Let’s look at creating a frequency table. Create a frequency table to display the data below.
Step 1: Make a table with three separate columns.
- Intervals
- Tallied results
- Frequency results
Since the range in data values is not that great, intervals will be in groups of five.
Step 2: Looking at the data, tally the number of times a data value occurs.
Step 3: Add the tally marks to record the frequency.
Take a few minutes to write down the steps for creating a frequency table.
Thinking about the frequency that an event occurs can help you to understand and predict certain trends. Think about how useful the trend of grades could be if you were a teacher thinking about a student’s progress.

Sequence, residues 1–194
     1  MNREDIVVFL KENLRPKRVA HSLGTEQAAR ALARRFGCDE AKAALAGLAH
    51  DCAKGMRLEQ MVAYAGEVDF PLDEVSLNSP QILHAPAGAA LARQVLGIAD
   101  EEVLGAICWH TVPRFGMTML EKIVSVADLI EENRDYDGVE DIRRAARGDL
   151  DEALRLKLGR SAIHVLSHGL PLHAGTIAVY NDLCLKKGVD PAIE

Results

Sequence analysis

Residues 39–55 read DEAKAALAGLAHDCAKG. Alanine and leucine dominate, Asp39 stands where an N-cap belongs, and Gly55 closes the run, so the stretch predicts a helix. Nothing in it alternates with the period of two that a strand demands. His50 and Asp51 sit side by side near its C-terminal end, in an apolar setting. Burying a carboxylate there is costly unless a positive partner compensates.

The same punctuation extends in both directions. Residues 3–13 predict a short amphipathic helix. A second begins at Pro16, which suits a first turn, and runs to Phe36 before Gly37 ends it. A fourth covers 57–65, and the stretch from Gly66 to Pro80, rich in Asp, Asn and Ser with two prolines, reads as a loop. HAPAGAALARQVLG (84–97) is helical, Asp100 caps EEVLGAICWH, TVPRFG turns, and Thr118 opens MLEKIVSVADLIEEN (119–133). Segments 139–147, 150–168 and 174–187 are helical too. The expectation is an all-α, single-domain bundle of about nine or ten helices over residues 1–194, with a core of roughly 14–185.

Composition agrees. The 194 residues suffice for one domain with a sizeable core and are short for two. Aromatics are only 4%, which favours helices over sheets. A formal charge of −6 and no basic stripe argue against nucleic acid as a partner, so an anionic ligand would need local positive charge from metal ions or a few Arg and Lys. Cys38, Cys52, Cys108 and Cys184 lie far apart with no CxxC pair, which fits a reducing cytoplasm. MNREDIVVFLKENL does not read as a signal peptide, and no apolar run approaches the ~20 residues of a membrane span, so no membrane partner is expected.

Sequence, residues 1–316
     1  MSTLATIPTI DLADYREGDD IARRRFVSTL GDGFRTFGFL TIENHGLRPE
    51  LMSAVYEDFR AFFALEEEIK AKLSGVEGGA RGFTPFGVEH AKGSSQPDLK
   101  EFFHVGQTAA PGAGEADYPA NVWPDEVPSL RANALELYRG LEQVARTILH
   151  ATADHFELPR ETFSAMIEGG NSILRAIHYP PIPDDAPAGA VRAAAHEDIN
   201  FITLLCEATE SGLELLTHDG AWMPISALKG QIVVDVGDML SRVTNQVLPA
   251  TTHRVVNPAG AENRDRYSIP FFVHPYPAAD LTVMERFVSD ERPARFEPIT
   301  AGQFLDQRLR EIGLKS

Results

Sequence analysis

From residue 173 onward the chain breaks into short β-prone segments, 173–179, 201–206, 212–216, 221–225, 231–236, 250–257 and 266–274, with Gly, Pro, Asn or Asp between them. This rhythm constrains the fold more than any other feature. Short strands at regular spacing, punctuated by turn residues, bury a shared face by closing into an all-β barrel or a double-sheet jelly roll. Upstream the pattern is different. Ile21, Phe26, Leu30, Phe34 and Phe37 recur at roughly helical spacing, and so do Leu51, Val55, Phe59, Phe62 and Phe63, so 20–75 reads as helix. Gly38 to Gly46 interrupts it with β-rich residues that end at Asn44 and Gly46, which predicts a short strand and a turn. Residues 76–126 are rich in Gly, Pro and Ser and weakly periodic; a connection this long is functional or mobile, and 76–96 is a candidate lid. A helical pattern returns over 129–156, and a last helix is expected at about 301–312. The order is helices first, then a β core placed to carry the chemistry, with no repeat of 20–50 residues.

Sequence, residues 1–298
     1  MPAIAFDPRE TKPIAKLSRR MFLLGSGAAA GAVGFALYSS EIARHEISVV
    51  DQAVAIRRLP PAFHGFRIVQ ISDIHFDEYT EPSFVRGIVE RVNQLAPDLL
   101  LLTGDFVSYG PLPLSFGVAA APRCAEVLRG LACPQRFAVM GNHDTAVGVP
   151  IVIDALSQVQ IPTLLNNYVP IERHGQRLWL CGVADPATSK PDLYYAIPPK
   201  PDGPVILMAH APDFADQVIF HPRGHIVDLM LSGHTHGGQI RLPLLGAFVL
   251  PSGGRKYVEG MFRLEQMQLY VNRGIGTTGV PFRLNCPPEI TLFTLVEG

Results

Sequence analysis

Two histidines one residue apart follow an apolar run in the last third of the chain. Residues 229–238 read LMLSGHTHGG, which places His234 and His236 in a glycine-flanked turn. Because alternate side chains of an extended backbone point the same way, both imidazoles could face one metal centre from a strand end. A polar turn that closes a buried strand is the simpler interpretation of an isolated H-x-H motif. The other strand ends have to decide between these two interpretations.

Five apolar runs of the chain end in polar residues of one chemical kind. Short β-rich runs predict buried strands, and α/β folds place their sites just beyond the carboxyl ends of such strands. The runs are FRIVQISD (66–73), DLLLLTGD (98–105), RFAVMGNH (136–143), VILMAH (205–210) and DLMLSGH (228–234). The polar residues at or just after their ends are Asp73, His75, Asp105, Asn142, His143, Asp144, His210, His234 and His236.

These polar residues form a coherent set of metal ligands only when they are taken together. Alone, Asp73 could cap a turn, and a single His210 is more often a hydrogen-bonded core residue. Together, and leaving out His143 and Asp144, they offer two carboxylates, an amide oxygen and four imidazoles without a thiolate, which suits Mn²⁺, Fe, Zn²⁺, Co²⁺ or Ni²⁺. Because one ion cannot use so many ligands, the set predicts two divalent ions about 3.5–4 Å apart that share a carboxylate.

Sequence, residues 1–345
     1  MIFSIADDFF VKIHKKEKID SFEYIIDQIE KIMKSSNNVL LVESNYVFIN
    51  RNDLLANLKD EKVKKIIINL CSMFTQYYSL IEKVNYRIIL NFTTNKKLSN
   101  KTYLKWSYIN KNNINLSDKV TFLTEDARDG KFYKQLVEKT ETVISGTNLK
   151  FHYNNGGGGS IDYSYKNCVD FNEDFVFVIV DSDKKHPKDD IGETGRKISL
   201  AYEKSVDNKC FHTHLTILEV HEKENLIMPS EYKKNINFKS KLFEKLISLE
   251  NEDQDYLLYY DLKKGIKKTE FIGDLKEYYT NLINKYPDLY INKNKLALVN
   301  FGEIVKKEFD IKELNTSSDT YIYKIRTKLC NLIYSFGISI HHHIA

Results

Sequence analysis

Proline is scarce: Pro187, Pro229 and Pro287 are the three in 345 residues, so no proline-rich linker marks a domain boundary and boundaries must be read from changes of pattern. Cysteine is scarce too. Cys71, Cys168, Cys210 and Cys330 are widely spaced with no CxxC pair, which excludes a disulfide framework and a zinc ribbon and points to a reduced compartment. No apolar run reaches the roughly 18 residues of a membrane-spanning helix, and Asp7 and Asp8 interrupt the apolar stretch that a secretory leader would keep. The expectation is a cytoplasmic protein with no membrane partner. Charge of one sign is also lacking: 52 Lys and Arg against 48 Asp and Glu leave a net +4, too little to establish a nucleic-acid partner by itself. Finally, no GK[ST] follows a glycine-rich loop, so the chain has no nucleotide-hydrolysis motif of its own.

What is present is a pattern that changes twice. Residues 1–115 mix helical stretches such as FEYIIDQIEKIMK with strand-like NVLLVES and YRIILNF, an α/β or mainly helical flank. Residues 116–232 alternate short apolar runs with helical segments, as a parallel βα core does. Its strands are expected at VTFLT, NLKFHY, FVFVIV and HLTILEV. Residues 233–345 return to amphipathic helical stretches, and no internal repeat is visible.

We can also create a histogram to display data. Histograms and bar graphs are often confused, but they are different. Let’s look at how.
A histogram shows the frequency of data values on a graph. Like a frequency table, data is grouped in intervals of equal size that do not overlap. Like a bar graph, the height of each bar depicts the frequency of the data values. However, on a histogram the vertical columns have no space in between each other.
Create a histogram to display the information on the frequency table.
Here are the steps for creating a histogram from data organized in a frequency table.
Step 1: Draw the horizontal and vertical axis.
Step 2: Give the graph the title “Frequency Table Data.”
Step 3: Label the horizontal axis “Hours.” List the intervals across the horizontal axis.
Step 4: Label the vertical axis “Frequency.” Since the range in frequencies is not that great, label the axis by ones.